Despite being by far Australia’s smallest state in terms of population and production as well as land area, it has an amazingly full choice of public services and facilities. Perhaps it developed that way because Tasmania’s two largest cities were the first to be settled by Europeans who brought with them public buildings, government, hospitals and newspapers, to mention just a few of the pleasures of the developed world.
Because I am interested in history and am a details person, visiting museums is an important part of many holidays. Like the Australian mainland, the Island State with its half-million inhabitants is rich in museums. MONA is at the top of the tourist list: its creation has done wonders for Tasmania’s tourist trade as the well-heeled, the trendy and the curious fly over for a long weekend “to see MONA”.
At the top of the list for me are the 3 maritime museums, each of which struggle with loyal volunteers and minimal government support; yet each has preserved and put on display a representative and interesting collection. There are general interest museums and art galleries in both Hobart (the state capital) and Launceston (the largest northern city). There are museums on convictism at several of the state’s 5 World Heritage listed convict sites (of which we visited four, plus several of the state’s 19 convict probation stations). There are many local museums of course, like the Channel Heritage Centre I mentioned in an earlier post.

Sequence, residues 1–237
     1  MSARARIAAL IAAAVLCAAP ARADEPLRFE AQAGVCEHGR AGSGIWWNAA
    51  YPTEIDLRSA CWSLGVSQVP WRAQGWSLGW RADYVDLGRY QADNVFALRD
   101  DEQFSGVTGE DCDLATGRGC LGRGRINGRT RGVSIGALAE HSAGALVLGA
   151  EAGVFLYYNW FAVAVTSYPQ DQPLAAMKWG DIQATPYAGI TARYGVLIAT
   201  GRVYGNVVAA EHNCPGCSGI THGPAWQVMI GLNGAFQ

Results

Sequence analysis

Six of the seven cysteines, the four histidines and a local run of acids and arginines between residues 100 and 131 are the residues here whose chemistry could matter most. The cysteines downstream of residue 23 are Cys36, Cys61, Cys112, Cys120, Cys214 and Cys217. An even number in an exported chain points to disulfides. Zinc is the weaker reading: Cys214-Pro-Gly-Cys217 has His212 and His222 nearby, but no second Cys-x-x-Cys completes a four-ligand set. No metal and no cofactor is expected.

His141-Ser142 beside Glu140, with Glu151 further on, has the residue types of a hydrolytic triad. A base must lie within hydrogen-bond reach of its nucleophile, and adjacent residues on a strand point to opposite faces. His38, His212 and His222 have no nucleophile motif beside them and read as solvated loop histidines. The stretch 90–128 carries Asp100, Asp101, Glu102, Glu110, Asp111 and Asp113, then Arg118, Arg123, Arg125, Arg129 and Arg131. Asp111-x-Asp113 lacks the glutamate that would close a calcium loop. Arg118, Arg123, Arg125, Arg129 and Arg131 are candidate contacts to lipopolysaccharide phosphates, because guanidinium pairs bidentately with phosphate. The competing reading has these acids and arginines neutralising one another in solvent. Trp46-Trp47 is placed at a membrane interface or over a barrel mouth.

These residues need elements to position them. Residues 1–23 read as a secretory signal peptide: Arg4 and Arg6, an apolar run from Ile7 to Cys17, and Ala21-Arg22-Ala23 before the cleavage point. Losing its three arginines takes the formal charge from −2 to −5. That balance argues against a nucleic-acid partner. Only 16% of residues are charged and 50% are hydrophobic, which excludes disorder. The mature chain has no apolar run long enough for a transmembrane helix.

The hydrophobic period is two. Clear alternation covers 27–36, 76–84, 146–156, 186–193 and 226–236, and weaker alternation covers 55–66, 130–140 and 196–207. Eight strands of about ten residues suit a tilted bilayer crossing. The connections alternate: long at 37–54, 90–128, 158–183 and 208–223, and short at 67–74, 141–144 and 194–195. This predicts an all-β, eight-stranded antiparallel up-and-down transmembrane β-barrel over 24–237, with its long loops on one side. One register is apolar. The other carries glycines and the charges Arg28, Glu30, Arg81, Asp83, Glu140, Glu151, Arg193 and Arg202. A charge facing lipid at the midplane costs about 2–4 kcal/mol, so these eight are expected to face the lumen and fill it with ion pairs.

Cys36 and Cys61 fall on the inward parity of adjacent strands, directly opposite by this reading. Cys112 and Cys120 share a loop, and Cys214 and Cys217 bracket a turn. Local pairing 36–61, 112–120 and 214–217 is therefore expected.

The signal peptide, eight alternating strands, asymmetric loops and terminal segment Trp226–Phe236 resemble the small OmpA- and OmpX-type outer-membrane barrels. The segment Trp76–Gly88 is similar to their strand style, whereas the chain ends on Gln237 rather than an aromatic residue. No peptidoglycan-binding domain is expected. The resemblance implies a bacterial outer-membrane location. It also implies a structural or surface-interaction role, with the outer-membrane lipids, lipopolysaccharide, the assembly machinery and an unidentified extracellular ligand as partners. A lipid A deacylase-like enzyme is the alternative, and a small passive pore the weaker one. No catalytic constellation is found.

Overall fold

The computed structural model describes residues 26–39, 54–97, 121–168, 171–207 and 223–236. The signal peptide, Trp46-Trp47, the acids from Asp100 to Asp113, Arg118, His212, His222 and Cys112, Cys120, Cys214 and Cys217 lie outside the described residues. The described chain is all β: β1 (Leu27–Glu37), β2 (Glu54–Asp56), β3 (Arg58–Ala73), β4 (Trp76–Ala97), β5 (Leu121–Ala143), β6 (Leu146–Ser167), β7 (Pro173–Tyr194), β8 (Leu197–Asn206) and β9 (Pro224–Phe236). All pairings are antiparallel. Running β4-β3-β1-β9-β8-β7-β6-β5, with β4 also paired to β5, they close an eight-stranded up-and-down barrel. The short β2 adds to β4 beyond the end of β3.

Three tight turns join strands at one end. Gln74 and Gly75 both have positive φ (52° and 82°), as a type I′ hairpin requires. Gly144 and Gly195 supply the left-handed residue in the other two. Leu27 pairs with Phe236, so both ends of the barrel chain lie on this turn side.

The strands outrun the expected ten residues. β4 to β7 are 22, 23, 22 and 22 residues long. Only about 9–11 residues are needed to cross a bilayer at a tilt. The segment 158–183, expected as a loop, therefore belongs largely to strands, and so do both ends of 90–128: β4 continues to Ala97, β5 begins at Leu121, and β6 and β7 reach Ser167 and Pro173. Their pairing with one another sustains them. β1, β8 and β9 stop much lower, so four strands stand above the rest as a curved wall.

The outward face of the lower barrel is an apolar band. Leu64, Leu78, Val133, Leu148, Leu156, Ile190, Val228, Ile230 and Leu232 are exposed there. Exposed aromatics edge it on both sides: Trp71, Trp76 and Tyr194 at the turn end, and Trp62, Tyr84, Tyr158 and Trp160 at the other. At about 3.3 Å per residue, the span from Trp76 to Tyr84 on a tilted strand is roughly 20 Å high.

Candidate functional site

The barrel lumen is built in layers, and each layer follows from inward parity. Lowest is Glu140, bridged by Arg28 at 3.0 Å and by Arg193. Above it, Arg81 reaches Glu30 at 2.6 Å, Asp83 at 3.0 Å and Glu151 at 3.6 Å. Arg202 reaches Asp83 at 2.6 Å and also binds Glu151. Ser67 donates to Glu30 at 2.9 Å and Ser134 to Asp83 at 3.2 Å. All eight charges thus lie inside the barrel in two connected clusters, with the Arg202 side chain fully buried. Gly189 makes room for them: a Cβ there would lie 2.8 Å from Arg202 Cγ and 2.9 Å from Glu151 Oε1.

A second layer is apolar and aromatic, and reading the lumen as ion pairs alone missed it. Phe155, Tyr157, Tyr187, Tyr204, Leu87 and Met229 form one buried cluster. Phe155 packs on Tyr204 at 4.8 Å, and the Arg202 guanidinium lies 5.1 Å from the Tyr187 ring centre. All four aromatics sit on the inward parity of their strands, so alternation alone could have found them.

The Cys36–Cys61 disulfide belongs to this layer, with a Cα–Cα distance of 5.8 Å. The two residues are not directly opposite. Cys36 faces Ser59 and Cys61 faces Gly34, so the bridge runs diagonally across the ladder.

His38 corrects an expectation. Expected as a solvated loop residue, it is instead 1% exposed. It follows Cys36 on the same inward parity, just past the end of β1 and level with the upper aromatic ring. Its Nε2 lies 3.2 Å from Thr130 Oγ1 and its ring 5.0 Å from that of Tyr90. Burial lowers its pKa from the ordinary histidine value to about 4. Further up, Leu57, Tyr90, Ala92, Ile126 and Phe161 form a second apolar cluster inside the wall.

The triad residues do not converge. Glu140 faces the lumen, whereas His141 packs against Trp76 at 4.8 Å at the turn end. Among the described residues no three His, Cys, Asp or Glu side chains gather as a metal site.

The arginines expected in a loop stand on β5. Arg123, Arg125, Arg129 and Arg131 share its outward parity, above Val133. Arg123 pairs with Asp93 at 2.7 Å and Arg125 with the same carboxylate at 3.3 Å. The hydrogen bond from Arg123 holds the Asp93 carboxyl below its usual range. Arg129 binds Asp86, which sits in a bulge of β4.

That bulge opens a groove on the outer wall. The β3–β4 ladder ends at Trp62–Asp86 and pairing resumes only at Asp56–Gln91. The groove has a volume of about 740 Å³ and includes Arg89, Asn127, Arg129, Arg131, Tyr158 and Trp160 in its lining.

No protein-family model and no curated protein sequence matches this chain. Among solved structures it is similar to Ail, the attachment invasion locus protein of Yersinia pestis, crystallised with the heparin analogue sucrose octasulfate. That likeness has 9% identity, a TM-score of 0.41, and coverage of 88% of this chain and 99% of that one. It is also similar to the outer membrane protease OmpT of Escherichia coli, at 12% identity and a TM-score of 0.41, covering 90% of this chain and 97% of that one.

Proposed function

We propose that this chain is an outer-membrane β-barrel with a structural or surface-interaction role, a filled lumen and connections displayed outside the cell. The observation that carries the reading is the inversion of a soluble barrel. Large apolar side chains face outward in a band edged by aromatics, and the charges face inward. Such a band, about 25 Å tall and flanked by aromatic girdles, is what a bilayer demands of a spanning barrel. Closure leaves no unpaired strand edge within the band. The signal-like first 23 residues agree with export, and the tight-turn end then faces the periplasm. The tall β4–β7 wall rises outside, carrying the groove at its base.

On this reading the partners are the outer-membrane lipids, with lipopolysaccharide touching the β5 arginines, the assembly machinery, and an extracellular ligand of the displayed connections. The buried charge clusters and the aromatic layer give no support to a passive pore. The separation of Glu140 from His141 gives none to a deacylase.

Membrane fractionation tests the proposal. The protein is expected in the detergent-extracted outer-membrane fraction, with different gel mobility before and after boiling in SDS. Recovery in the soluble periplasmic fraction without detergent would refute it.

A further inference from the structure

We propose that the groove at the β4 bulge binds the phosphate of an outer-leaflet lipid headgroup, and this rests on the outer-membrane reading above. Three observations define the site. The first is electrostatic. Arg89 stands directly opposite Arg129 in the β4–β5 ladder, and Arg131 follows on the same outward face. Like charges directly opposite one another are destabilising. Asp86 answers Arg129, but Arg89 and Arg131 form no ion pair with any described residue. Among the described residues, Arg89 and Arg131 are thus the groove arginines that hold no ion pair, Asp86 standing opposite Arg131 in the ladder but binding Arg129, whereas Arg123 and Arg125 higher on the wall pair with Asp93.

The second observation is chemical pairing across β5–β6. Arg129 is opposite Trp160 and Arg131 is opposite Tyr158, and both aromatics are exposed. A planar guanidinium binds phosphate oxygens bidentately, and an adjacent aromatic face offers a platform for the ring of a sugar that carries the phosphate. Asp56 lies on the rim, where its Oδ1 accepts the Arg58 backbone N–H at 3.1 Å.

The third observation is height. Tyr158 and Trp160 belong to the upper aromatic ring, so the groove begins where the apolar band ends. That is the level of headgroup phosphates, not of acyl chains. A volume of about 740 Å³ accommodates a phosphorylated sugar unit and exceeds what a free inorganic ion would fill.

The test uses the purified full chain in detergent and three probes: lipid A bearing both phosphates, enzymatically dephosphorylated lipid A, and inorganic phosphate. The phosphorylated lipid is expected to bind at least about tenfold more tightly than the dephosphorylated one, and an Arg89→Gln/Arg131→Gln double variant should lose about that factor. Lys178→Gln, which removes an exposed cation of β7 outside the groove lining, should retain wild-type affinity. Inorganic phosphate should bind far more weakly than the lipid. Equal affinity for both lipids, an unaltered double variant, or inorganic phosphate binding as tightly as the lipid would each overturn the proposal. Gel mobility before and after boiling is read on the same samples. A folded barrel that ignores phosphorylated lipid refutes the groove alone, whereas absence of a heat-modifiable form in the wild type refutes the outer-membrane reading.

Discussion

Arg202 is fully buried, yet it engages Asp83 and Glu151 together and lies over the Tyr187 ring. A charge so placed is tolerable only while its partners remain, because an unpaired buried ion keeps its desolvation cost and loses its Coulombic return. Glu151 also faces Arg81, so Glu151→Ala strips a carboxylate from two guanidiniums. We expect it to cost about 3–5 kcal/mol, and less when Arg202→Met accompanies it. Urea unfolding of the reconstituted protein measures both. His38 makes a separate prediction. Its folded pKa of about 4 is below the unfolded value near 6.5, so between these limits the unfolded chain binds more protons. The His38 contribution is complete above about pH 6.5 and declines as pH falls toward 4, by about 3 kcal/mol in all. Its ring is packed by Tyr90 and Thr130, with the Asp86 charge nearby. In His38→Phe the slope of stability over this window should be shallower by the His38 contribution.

Enough chatter. Here are some of the museums we enjoyed most during our 3 months in Tassie.
Many Tasmanians including a nephew are allergic to Jack Jumper ants, indigenous to the State and one of the world’s most aggressive and dangerous. We learnt more about them as the Tasmanian Museum.